This track is faux old-school hip-hop created for the TV show "The Get Down". It's a good fake, though. It sounds like it could have come out in the late 1970s. This show has done a great job of mixing older funk, soul and hip hop with newer tracks that fit right in.
The show's Get Down Brothers and their DJ Shaolin Fantastic are modeled on the Furious Five and Grandmaster Flash. It's best to not think too hard about that though, because Flash is also a character in the show, as Shaolin Fantastic's mentor. And since this track mixes in some old Flash tracks, even though the show's Flash had previously gotten on Shaolin Fantastic's case over a bootleg recording.
Or maybe Shaolin Fantastic, like Flash himself, is mixing up Freedom's "Get Up And Dance" (and I always thought the Furious Five were just playing kazoos, as weird as that image is).
In this show they play fast and loose with the musical connections, plainly having fun and including in-jokes and making it all work. Another track, the new "Set Me Free", becomes a disco anthem in the show. In the middle is a short drum break that Shaolin Fantastic works into his mix, to great effect. A religious-inspired song with a drum break the DJs love? Can anyone say "The Amen Break"? I knew you could.
If everyone believed in peace the way they say they do, we'd have peace.
Here in the USA we recently passed the 15th anniversary of our state of National Emergency. That's right. For 15 years now we have been officially in a state of emergency, continuously, 24 hours a day for 15 years. And counting. Gil Scott-Heron recorded this song more than 20 years ago and unfortunately it's as relevant as ever.
They took the honour from the honourary,
they took the dignity from the dignitaries,
they took the secrets from the secretary,
but they left the bitch in obituary.
After the September 11 attacks, this was probably justified. For a while. Fifteen years later it's business as usual. It's an emergency situation, everywhere in the country, all the time. "Terrorism" has replaced the old USSR as the excuse for unending, unlimited military spending. If one opponent falls, it's no problem, they'll find another one. Don't worry, the bombs will keep on falling, and it doesn't seem to matter where. Iraq, Afghanistan, Libya, Pakistan, and now Syria. Maybe we'll beat ISIS into the ground, maybe not. If we do, rest assured that some other enemy will be presented as the next target. Iran maybe? North Korea? There's no shortage of possibilities. Ever since Bush's cronies went to the UN and lied to the world to start a war this has been just how things are around here.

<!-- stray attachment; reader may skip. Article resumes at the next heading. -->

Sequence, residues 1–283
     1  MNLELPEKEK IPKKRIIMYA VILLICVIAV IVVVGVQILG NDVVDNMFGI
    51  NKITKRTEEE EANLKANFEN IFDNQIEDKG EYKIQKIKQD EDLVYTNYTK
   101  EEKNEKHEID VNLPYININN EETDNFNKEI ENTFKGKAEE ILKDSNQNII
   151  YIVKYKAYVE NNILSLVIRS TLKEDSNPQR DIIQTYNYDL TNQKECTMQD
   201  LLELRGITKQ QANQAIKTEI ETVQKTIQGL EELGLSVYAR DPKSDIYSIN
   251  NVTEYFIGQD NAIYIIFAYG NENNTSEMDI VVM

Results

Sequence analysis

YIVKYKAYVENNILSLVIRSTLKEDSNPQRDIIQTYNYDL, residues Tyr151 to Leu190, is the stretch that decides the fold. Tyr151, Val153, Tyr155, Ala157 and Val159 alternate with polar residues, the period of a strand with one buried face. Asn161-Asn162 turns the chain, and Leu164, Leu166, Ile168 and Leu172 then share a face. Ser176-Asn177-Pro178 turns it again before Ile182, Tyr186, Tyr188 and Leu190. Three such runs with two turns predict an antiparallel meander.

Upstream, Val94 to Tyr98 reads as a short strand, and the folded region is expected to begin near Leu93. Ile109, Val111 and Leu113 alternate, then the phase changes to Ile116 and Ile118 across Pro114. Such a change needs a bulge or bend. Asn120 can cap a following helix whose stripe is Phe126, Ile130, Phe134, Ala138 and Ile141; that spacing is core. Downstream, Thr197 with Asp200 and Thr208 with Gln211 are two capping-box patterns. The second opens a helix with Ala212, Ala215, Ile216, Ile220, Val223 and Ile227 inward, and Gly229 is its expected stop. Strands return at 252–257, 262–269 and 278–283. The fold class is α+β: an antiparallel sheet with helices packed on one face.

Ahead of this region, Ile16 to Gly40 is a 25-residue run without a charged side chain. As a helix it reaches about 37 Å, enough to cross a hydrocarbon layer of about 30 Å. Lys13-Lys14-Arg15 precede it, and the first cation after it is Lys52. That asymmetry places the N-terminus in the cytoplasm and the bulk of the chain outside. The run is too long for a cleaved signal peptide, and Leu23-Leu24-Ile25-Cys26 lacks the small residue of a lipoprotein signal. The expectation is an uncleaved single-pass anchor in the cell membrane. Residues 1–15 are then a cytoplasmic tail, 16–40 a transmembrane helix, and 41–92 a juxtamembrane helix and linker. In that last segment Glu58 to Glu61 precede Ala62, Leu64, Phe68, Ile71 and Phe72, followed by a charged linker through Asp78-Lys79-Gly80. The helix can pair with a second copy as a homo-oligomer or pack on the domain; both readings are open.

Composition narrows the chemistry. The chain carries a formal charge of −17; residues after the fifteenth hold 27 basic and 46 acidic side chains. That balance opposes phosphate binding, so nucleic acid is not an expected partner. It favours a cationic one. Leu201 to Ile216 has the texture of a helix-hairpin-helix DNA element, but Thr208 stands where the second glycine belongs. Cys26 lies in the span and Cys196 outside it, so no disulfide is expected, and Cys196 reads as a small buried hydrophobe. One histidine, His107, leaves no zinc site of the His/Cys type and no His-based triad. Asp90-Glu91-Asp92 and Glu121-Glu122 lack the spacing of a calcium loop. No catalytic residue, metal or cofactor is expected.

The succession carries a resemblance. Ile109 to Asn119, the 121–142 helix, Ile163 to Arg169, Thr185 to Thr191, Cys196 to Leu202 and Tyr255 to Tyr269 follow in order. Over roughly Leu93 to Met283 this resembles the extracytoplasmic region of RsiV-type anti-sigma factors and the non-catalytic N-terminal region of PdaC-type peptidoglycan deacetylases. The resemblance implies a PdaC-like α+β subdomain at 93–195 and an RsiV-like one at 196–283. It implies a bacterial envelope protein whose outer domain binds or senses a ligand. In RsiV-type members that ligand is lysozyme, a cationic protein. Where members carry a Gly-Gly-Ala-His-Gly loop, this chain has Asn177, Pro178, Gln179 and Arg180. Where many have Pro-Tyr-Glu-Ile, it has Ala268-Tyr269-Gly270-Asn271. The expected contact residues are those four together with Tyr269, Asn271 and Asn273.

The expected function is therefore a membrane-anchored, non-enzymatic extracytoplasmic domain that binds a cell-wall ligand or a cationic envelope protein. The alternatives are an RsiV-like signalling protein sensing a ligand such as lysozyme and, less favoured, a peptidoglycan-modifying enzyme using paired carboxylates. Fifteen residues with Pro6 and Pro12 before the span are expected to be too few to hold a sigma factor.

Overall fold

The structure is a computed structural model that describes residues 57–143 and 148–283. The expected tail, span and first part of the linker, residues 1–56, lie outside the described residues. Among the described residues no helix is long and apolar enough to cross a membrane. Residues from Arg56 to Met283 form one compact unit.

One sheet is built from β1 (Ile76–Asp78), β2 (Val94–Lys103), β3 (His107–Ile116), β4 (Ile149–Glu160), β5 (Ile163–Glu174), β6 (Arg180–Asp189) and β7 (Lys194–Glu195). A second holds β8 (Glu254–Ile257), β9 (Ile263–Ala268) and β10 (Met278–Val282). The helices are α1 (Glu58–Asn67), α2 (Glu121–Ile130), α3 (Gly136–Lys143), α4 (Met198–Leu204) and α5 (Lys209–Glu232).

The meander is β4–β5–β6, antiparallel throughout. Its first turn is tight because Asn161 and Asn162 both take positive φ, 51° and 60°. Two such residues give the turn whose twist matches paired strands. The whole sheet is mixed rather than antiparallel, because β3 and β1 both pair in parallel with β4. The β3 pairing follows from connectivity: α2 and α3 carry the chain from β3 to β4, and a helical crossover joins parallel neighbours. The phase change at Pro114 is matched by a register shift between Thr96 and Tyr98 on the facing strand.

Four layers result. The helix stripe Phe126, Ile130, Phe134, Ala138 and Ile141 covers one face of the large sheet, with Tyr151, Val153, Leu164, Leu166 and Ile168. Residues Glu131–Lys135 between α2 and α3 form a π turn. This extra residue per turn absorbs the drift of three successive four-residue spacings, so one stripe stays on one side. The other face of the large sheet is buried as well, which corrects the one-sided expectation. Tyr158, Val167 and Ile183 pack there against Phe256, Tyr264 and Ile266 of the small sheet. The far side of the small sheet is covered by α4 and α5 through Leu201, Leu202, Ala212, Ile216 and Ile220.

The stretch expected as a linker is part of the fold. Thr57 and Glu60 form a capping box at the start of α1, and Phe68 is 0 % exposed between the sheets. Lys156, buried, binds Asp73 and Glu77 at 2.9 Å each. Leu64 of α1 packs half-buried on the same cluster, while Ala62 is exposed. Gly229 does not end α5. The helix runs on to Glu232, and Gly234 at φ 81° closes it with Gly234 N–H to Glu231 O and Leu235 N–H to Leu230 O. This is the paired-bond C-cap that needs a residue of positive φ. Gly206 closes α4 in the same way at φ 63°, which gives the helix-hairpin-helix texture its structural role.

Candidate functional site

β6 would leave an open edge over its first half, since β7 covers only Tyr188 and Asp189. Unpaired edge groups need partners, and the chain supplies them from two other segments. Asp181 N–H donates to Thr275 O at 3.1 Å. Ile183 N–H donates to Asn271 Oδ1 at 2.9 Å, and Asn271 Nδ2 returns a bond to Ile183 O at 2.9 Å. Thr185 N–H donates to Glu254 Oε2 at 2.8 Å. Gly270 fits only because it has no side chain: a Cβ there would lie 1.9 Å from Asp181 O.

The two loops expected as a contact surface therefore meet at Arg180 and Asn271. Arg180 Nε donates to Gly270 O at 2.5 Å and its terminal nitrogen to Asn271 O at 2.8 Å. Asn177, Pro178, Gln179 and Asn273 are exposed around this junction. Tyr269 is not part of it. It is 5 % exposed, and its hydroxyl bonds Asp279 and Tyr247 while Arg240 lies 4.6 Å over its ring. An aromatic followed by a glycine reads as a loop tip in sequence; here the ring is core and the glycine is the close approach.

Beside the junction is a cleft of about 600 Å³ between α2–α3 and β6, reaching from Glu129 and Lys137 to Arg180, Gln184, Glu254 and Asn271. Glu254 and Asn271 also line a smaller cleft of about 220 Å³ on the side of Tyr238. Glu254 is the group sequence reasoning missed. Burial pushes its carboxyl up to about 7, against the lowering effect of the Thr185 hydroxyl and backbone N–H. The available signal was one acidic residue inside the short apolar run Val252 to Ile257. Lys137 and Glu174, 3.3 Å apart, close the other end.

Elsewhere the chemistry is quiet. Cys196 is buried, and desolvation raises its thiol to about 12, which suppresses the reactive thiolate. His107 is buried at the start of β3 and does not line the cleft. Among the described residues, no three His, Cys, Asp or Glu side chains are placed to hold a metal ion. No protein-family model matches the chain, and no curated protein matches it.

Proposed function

Peace is not the absence of war,
It is the absence of the rules of war and the threats of war and the preparation for war.
Gil Scott-Heron is probably best remembered for "The Revolution Will Not Be Televised". It's an amazing and powerful song. But he wrote and performed a lot more that was amazing and powerful besides, so have a listen. I first encountered his music watching reruns of Saturday Night Live many years ago when they re-ran his live performance of "Johannesburg". In his flowing, poetic, often jazzy style, he pioneered political rap. He was a powerful, inspiring voice, sadly gone too soon.
Nobody can do everything,
but everybody can do something,
everyone must play a part,
everyone got to go to work, Work for Peace
De La Soul is Dead back, with their first new album since 2004. With all the weird and negative news this year, I'm so glad to have something like this come along.
Of course they never completely went away. There have been some guest spots on other people's albums, for example on Gorillaz' "Plastic Beach" album. But now they're back doing their own thing, and they brought their friends.
It feels like a rebirth of the group. That might be wishful thinking, but I'm hopeful. A couple of years ago they gave away downloads of all of their previous albums for free. Then came their incredibly successful Kickstarter project to raise money to fund a new album. And now, finally, it's here. The whole thing feels like breaking with the past and moving on toward the future. I don't know what their plans are but I hope more is coming.
I love how they made this album. Years of recording with studio musicians to build their own library to sample, free of legal issues. Working without a record label but getting the recording process financed directly by their fans. The Kickstarter project is the internet age at its best-- instead of fans hoping that some studio executive might greenlight the album, they can just directly help it happen.
I've been watching "The Get Down" recently so I've had Grandmaster Flash and early hip hop in my head.
"The Adventures..." features Grandmaster Flash at his best. Sugarhill released a lot of records with his name on them. But in the early 1980s it was way too risky to put out a record that contained someone else's music, even in small bits. Sampling was a dream. Literally, since such samplers as existed were extremely expensive curiosities rather than mainstream devices. Flash did it old school, mixing records with two turntables (a technique which he invented).
On records then, "Grandmaster Flash and the Furious Five" was mostly the Furious Five with studio musicians. Flash was well-known to Sugarhill's customers from live performances, so they were happy to boost sales by mentioning him. I'm not sure how "The Adventures..." eventually got released, but it's a rare and amazing glimpse of Flash's technique.
Among many records making an appearance, Flash features Blondie's "Rapture", in which Blondie name-checks Flash. Flash is fast, Flash is cool. Take a listen.